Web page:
The Secret Life of Pets 2 is an odd sequel. It wants to remind viewers that it has an eclectic cast of voice talents at every turn, but instead of making sure that there’s a good story, they’re all given equal billing. Sometimes that can be a good thing, but here it keeps cutting in half stories that have already been pared back to the bare minimum, and to a point where they no longer feel like the same characters from the first movie. I might be looking too deeply into this, but it’s very easy to pinpoint why I cared so much about the characters in the first film, and why I feel no investment or connection to anything happening in The Secret Life of Pets 2. It has less depth and storytelling chops than a cute dog or cat video on Instagram. It certainly looks cute, though. But if that’s the only reason you’re going to see The Secret Life of Pets 2, you should stop going to the movies for all the wrong reasons. If your kids want to see it, it’s fine, I guess, but consider yourself warned that this is less of a sequel and more of a cash grab.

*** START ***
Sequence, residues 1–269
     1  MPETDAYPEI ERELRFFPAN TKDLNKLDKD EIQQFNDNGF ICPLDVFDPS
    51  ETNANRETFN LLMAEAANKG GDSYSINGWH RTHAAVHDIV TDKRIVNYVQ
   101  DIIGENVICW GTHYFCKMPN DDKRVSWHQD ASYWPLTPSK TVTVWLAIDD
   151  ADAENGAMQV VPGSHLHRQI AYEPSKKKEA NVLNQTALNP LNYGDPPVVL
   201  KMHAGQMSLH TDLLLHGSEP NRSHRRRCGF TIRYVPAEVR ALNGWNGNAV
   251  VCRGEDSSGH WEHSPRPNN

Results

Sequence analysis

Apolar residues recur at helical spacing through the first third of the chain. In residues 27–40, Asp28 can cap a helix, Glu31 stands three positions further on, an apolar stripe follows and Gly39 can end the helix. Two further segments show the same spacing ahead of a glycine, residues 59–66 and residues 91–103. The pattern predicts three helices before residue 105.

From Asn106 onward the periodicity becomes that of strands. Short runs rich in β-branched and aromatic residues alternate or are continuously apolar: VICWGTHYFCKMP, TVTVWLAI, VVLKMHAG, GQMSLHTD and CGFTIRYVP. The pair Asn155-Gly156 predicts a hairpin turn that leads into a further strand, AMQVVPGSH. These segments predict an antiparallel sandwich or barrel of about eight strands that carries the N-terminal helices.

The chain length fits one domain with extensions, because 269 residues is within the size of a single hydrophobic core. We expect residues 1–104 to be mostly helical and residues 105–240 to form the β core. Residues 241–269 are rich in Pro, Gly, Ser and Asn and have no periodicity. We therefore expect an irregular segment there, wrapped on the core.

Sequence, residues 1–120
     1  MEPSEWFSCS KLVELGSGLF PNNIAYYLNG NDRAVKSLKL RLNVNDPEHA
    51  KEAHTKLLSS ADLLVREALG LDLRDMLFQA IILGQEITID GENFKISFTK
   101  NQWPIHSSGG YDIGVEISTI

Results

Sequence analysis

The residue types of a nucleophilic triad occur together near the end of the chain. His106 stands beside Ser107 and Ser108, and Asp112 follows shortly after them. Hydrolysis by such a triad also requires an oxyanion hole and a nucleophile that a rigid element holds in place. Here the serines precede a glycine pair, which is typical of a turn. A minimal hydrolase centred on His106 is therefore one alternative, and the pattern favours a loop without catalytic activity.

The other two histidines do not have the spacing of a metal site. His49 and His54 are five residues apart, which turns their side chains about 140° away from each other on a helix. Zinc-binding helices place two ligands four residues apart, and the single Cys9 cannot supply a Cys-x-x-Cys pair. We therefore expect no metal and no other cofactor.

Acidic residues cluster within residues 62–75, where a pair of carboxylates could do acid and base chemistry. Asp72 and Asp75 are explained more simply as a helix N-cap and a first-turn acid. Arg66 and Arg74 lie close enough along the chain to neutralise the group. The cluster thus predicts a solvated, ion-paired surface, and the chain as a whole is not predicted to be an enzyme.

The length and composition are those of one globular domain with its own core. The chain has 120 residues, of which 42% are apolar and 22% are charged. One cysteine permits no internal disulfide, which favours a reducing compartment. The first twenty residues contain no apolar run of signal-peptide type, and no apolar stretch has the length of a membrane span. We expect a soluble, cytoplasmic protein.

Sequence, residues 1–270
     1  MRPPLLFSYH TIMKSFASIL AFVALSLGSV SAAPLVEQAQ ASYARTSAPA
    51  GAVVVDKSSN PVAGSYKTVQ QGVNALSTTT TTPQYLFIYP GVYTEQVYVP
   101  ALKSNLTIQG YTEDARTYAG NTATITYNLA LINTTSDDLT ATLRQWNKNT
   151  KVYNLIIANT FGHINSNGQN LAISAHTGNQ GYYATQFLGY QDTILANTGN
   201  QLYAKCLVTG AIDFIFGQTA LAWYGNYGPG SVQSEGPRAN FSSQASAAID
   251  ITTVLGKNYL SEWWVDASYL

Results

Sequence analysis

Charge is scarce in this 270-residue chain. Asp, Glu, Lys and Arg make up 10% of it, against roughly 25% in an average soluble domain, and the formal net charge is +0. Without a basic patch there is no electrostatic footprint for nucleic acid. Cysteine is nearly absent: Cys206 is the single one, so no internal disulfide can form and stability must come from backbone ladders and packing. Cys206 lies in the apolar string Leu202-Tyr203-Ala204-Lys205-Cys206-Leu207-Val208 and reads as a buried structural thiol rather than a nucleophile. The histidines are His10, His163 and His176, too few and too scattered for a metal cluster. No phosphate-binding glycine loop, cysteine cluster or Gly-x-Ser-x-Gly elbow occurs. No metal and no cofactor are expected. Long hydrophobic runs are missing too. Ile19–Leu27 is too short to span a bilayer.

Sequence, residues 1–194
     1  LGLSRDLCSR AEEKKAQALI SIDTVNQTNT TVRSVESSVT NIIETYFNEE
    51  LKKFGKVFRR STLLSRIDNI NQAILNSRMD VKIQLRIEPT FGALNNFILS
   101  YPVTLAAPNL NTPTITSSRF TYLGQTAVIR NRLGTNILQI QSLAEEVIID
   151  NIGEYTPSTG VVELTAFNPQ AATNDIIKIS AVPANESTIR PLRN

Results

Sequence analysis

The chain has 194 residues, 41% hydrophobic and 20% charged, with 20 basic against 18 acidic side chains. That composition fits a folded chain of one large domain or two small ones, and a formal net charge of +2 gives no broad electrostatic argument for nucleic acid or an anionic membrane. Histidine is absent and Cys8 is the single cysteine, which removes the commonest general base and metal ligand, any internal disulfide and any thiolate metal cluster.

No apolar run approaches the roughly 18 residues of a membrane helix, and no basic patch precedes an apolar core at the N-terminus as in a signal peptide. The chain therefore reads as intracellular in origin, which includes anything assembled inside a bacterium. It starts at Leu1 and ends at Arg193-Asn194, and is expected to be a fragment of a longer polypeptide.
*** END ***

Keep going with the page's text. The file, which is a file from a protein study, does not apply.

The Secret Life of Pets 2 opens in theatres everywhere on Friday, June 7, 2019.

Check out the trailer for The Secret Life of Pets 2:

Andrew Parker
Andrew Parker fell in love with film growing up across the street from a movie theatre. He began writing professionally about film at the age of fourteen, and has been following his passions ever since. His writing has been showcased at various online outlets, as well as in The Globe and Mail, BeatRoute, and NOW Magazine. If he's not watching something or reading something, he's probably sleeping.